Alvarez acknowledged Monday that Madison's rambunctious Halloween weekend festivities, which will likely begin Friday evening and continue through Sunday, played a role in the decision to extend the players' weekend and hopefully provide incentive for a trip out of town.
"That's [a reason] why we give them three days and encourage them to go home," Alvarez said. "That's one thing."
The Halloween weekend strayed from revelry to late-night rioting in 2002 and 2003.
"We definitely have to address it as coaches," Alvarez said. "We'd be foolish if we didn't talk to them about discouraging them from being there and if they are there what to anticipate. A freshman kid who just came to school here doesn't know anything about what's going to happen. Just try to educate them and maybe give them a little historical view of what has gone on in the past and what to stay away from. We have to be proactive in that. Our guys have been good, knock on wood. They listen pretty well and hopefully we get through this."
"That's something that I don't even want a part of," Stocco said. "That's something that's just crazy and something that nobody needs to be involved with."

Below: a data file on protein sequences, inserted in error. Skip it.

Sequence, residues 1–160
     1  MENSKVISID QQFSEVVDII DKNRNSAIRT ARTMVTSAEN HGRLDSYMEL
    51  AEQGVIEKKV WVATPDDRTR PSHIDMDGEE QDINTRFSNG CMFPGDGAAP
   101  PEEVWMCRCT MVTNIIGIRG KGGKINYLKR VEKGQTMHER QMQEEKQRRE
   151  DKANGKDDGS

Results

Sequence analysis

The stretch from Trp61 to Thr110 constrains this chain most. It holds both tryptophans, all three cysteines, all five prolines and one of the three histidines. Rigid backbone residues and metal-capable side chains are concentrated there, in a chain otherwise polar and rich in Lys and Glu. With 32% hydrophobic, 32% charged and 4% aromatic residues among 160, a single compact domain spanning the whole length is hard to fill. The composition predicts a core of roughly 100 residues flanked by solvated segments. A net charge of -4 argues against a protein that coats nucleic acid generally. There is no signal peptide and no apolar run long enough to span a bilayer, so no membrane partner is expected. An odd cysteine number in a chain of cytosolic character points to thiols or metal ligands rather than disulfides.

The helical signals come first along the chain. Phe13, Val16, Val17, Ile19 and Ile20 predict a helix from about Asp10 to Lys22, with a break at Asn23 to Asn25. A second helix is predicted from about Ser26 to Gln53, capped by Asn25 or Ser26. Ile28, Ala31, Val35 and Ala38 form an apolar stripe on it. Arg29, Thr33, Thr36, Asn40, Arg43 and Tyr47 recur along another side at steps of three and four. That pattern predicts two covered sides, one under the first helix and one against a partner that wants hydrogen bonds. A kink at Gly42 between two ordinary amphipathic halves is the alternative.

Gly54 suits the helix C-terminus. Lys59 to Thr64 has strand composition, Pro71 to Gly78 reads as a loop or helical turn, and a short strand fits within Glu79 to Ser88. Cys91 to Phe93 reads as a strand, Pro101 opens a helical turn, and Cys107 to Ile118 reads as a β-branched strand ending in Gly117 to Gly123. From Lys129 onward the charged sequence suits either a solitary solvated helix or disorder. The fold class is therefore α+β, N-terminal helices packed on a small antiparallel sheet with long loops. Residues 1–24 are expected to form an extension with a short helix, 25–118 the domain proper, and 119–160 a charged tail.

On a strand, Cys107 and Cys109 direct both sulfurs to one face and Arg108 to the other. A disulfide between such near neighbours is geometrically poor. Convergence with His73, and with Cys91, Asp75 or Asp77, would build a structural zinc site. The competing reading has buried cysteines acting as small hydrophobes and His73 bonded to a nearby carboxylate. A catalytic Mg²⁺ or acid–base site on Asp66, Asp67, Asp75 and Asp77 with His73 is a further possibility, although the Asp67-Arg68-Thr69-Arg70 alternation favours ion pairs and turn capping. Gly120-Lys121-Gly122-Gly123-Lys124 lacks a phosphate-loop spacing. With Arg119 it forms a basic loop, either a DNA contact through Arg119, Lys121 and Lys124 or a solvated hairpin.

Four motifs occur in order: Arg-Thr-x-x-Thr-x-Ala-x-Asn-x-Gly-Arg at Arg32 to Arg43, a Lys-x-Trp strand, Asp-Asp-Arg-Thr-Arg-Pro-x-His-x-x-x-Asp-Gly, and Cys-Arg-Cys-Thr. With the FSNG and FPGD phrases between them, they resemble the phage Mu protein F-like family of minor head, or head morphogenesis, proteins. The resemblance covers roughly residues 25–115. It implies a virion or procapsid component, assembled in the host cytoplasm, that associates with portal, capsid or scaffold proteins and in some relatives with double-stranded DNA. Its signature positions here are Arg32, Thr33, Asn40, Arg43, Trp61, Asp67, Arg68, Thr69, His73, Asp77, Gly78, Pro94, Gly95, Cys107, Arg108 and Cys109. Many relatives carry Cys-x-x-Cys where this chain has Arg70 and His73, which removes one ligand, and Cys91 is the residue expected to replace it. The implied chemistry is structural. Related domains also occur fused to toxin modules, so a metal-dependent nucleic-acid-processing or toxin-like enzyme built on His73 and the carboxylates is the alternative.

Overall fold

Hitting the trails
Wisconsin's coaches will begin hitting the road on recruiting trips following practice Wednesday and will continue recruiting through Friday night.
"Some will leave Wednesday after practice and go to their specific recruiting areas," Alvarez said. "We will recruit through Friday. Guys will be able to get in their high schools during the day, pick up film, visit with the coaches, get transcripts, watch games."
The Badgers' 8-0 record, No. 7 BCS ranking and the national prestige that has followed can only help bolster Wisconsin's stature in the eyes of recruits.
"It is fun for me and it's really good for our program," Alvarez said of the national radio spots he has been asked to take part in recently. "It's free publicity. My coaches are calling recruits all over the country, visiting with them and they've worked them hard and all of a sudden they know something about us and now they hear us on a national show. That gives us more credibility. Same thing with parents and obviously I think our fans enjoy that and we have fans all over the country. It's a thrill for them. It's fun to be in the mix."